It has been a little painful, passing up plants at my local nursery. I would say I have shown restraint, great restraint in the purchasing of flowers. Even so, I have managed to make two big shopping trips, although I know by the middle of June my yard should be cluttered with big equipment and big guys using it as they start my home improvement projects.
As I cruised the aisles of plants and flowers, succulents and ceramic pots, I decided I needed to move my summer operations to the little side porch that I used to enjoy. It was here I had pots and pots of Gerber daisies, geraniums and hanging baskets of weepy things, lobelia and creeping Jenny, wave petunias, English ivy. These were grave disappointments for me because the birds loved them. They nested and fed their young and destroyed the plants completely. The more expensive and exotic the hanging basket, the bigger the family that occupied it.
The neighborhood changed a bit, for the better, actually, but I began to use the porch less and the back yard more. But now adjustments must be made. I have purchased some begonias, a New Guinea impatiens and a couple of things I can’t name, and soon my little porch will be overflowing with granny flowers, and I shall sit there, in my cotton house dress, hose rolled to my knees, watching the world go by and offering the neighbors a chat and a Coca-Cola.
I have it in my head this spring has been “back to normal,” with cool mornings and evenings and warm dry days in between. Perfect weather. Each day has seemed just the right length, an hour exactly an hour’s length long. The month, though, has sped by, and I can’t quite make sense of it.
This Memorial Day weekend I will take flowers out to Elmwood Cemetery where my people are buried, and I will take my sister, perhaps, because for some reason I can never find my Granny Opal. The Skillmans are within spitting distance of the McDonoughs, but I miss them every time. This is a pity, because I think I would like to buried next my Granny Opal, and I worry my loved ones will one day not find me, either.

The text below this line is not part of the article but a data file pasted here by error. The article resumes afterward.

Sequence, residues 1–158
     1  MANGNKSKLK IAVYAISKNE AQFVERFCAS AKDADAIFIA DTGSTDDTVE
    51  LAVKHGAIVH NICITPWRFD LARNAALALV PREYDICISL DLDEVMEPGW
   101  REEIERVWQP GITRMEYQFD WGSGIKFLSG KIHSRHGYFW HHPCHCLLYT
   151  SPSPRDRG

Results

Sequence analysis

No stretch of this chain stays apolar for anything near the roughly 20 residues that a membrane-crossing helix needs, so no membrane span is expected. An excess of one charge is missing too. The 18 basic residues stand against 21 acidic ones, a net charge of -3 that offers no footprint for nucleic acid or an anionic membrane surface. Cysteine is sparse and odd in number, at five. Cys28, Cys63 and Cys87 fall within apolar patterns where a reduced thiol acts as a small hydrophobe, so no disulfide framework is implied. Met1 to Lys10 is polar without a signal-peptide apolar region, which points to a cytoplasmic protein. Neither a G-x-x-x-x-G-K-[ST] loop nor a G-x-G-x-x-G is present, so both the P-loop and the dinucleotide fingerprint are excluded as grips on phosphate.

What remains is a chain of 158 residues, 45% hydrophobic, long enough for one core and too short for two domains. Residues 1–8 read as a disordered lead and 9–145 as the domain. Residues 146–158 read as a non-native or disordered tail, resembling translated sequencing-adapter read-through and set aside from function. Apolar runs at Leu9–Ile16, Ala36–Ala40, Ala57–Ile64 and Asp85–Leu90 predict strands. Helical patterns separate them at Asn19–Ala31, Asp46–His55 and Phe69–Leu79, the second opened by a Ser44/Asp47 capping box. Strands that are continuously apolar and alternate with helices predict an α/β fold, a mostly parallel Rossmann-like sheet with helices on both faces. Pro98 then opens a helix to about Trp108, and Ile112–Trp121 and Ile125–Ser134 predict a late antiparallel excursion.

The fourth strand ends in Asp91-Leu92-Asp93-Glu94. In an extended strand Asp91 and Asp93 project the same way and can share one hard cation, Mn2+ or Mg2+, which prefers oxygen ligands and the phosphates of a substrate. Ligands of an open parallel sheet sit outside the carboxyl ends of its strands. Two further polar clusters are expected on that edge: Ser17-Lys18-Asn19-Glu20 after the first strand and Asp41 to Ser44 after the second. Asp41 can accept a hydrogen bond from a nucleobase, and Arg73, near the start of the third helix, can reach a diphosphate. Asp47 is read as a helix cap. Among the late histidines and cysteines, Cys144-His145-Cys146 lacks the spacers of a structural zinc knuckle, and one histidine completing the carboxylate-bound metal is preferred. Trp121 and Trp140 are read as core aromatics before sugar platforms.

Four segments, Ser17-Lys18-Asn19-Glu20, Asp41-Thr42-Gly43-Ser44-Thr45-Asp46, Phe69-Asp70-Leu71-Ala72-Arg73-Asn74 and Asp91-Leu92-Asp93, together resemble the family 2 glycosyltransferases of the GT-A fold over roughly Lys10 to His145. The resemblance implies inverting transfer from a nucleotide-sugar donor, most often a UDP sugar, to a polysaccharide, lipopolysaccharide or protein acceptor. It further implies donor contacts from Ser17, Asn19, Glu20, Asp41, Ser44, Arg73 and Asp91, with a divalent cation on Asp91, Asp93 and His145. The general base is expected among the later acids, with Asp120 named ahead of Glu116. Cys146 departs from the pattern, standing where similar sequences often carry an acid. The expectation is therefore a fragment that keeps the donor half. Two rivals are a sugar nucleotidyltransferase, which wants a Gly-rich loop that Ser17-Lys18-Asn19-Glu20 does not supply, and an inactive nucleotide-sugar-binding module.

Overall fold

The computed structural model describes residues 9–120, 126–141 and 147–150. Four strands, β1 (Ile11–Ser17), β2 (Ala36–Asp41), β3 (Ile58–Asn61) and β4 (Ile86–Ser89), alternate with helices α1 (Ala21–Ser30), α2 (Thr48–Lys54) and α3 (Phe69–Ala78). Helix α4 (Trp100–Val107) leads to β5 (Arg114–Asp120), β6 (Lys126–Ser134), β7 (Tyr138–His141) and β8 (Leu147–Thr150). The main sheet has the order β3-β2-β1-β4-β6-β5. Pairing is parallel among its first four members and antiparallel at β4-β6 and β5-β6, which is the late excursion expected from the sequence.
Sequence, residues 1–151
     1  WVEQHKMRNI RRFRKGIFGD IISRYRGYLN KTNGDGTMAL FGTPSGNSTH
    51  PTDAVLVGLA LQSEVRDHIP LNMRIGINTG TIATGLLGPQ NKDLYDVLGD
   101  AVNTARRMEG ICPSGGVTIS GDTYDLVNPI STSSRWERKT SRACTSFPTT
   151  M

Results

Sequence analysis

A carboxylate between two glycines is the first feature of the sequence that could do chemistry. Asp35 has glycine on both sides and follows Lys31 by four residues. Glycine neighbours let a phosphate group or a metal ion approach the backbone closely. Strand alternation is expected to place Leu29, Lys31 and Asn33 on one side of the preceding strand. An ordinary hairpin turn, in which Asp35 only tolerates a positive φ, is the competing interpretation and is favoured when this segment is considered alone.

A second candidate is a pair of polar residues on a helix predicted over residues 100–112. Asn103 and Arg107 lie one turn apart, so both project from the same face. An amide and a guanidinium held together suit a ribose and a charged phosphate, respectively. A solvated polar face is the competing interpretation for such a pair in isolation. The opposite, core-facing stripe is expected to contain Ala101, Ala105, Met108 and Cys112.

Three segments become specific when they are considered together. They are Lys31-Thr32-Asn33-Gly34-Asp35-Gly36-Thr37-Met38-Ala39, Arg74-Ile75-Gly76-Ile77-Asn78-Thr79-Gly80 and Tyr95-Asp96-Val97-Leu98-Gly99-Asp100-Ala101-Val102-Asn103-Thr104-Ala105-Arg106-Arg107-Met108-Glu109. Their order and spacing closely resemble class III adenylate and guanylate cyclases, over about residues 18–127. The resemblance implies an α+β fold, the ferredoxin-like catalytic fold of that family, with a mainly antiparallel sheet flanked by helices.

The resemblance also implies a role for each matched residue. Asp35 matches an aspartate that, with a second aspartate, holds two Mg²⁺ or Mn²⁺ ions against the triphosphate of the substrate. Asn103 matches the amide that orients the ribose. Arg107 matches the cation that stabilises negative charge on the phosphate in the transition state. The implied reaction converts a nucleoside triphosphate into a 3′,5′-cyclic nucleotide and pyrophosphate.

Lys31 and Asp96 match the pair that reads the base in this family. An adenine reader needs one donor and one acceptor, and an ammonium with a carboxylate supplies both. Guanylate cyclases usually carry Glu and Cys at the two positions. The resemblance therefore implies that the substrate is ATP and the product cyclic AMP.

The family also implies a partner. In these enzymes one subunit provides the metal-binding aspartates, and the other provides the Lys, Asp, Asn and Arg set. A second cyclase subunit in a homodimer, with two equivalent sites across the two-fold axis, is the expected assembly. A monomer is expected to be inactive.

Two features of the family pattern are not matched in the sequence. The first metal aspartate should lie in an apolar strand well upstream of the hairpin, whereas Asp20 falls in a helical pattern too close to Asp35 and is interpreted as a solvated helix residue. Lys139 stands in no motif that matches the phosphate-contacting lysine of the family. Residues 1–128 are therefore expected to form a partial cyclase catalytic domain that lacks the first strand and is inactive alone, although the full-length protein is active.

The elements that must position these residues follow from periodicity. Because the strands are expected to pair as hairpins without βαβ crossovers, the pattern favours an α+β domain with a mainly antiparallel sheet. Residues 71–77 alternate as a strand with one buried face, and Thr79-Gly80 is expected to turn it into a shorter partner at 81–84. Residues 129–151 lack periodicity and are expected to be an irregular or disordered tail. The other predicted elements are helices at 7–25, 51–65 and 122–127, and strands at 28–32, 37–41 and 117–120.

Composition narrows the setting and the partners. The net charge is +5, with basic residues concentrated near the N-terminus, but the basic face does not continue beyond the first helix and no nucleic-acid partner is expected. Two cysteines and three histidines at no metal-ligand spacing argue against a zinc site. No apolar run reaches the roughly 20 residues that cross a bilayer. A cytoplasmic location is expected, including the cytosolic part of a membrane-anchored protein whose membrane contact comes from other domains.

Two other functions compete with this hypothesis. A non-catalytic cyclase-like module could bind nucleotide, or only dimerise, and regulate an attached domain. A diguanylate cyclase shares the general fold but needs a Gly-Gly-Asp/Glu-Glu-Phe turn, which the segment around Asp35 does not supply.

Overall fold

Although I am not sure about the logistics of a cemetery visit this year. The parents of the new twins will be out of town overnight, and it will take Mee-maw, Pee-paw, aunties and uncles to pick up the slack. We feel old and ineffectual with the three little ones. Especially when we see the picture of Daddy, flaked out on the bed, feeding Gretchen a bottle with his right hand as she lays by his side, Harmon flat out on his back and balanced on Dad’s on left leg, thinking deep thoughts, Cy wallowing at his feet, and poor old toothless Nellie almost invisible among the tangle of clean baby clothes.
There must be a ball game on the TV just out of frame. It seems to soothe them all, even the dog.
We trooped up to the cemetery when I was a kid, but that was about it. My grandmother, who never let the chance to entertain pass her by, would call around nine on Memorial Day, suggesting something simple in the afternoon, a cookout with hotdogs and hamburgers and macaroni salad. We showed up with a couple of bags of chips and maybe some brownies, and it was as easy and wonderful as that.
Summer doesn’t officially begin until the solstice later in June, but Memorial Day is the emotional start of every kid’s summer, and most adults would agree. I am hoping for a few more weeks of mild and sympathetic weather, cool mornings, just enough sun and gentle rains to give my zinnias and tickseed, my false indigo a good start. A few more days, maybe, before those big guys show up, although I also want them to hurry.
And there it is. The way time moves, and doesn’t move, and our relationship to it. The way we don’t have time, and do, and how we can sit on the porch and watch the world go by, or gin around and make macaroni salad for the bunch.
And sometimes all of that in single day, an easy day at that.
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